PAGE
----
multicellular

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mul·ti·cel·lu·lar

 (mŭl′tē-sĕl′yə-lər, -tī-)
adj.
Having or consisting of many cells: multicellular organisms.

mul′ti·cel′lu·lar′i·ty (-lăr′ĭ-tē) n.
American Heritage® Dictionary of the English Language, Fifth Edition. Copyright © 2016 by Houghton Mifflin Harcourt Publishing Company. Published by Houghton Mifflin Harcourt Publishing Company. All rights reserved.

multicellular

(ˌmʌltɪˈsɛljʊlə) ,

multicell

or

multicelled

adj
(Biology) having many cells
Collins English Dictionary – Complete and Unabridged, 12th Edition 2014 © HarperCollins Publishers 1991, 1994, 1998, 2000, 2003, 2006, 2007, 2009, 2011, 2014

mul·ti·cel·lu·lar

(mŭl′tē-sĕl′yə-lər)
Having or consisting of many cells: multicellular organisms. Compare unicellular.
The American Heritage® Student Science Dictionary, Second Edition. Copyright © 2014 by Houghton Mifflin Harcourt Publishing Company. Published by Houghton Mifflin Harcourt Publishing Company. All rights reserved.

multicellular

Composed of many cells.
Dictionary of Unfamiliar Words by Diagram Group Copyright © 2008 by Diagram Visual Information Limited
ThesaurusAntonymsRelated WordsSynonymsLegend:
Adj.1.multicellular - consisting of many cells; "multicellular organisms"
cellular - characterized by or divided into or containing cells or compartments (the smallest organizational or structural unit of an organism or organization); "the cellular construction of a beehive"; "any effective opposition to a totalitarian regime must be secretive and cellular"
Based on WordNet 3.0, Farlex clipart collection. © 2003-2012 Princeton University, Farlex Inc.
Translations
monisoluinen
višestaničan

multicellular

[ˌmʌltɪˈseljʊləʳ] ADJmulticelular
Collins Spanish Dictionary - Complete and Unabridged 8th Edition 2005 © William Collins Sons & Co. Ltd. 1971, 1988 © HarperCollins Publishers 1992, 1993, 1996, 1997, 2000, 2003, 2005

multicellular

[mʌltɪˈsɛljʊləʳ] adjpluricellulare
Collins Italian Dictionary 1st Edition © HarperCollins Publishers 1995

mul·ti·cel·lu·lar

a. multicelular, que consiste de varias células.
English-Spanish Medical Dictionary © Farlex 2012
References in periodicals archive ?
As a model system for understanding cancellation mechanisms of biological noise in a multicellular organism, the researchers looked at a particular development stage of the visual system in fruit flies: the propagation of the so-called "proneural wave." during which cells of a type called neuroepithelial cell differentiate into neuroblasts (cells in the process of dividing into neurons).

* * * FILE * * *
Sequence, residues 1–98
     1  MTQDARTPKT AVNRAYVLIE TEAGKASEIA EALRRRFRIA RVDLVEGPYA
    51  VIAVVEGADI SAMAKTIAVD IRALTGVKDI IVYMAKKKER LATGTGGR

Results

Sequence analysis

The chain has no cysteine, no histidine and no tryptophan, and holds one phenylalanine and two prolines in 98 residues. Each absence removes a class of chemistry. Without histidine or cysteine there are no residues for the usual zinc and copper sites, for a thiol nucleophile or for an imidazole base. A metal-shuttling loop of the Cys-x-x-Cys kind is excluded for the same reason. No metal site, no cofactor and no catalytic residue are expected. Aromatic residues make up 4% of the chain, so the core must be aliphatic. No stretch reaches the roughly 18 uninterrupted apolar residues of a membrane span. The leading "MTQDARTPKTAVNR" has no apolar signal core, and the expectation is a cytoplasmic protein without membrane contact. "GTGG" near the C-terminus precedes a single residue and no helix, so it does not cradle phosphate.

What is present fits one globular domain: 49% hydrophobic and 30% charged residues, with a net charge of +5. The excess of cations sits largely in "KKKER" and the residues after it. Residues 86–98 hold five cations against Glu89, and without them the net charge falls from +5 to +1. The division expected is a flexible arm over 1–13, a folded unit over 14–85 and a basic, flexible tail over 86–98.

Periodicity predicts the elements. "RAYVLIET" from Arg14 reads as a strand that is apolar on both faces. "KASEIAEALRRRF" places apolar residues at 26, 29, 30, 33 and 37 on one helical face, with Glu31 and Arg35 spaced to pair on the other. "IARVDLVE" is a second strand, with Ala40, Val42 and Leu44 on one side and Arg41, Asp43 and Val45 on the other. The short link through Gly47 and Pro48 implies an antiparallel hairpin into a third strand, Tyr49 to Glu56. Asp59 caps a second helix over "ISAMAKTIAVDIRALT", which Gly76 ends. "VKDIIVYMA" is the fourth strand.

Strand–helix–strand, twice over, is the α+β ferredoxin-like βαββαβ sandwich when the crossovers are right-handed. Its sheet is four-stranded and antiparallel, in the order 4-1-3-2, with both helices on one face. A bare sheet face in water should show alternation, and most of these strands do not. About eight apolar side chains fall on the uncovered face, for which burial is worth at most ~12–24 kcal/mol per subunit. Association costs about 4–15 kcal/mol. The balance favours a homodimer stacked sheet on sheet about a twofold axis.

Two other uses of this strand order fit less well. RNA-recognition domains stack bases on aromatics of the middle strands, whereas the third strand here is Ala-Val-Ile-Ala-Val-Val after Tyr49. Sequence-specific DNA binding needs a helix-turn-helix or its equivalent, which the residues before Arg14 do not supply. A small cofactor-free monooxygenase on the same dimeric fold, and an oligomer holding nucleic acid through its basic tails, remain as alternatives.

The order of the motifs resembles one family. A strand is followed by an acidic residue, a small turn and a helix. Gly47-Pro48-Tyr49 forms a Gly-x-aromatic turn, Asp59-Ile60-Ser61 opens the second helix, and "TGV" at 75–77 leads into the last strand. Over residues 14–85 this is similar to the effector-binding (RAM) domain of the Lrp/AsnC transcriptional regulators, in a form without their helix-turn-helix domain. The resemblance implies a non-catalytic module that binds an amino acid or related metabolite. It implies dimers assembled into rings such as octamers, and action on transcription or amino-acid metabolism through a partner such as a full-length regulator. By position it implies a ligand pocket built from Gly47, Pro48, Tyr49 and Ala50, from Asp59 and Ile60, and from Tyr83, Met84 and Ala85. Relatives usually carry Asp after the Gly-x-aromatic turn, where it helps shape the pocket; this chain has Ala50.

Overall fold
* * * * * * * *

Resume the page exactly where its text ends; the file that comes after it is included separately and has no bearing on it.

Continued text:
But the nematodes are the first complex, multicellular organism to have achieved the feat of completely reviving after millennia spent in a cold, oxygen-free environment and the implications are staggering.
This CRISPR-Cas9 system thus provides us with a very powerful tool with which to target our genetic editing--but how do we actually apply this to a large multicellular organism such as ourselves?
"How do you go from a single cell to an organized multicellular organism?" Prehoda said.
Every somatic cell in the body of every multicellular organism in the world contains caspase.
cells can drown their individuality and abandon their free-living abilities in order to form a multicellular organism, which may be as simple as a flatworm, or as complicated as a giant sequoia, a whale, or a man.
All the cells in a multicellular organism are descendants of a single fertilized egg cell and, therefore, have exactly the same DNA.
The first is the standard problem that with a multicellular organism, most of the cells involved in specific tissues cannot leave daughter cells that become part of the germline.
Although the situation appeared completely chaotic, Kauffman discovered that when each gene was controlled by only two other genes, the on-off patterns would settle down into about 10 repeating cycles, or "basins of attraction." He posited that these basins corresponded to the different cell types that are produced by the same set of genes in every multicellular organism. In one of those sublime revelations that dot the history of complexity research, Kauffman later discovered that he had duplicated a long-known principle of genetics: that the number of cell types in an organism is roughly equal to the square root of the number of its genes.
One cell meets another cell, and they declare, "Together we could tango," and, behold, the possibility for a multicellular organism is born.
Every multicellular organism is built from a single cell, which divides into two identical cells, then four, and so on.

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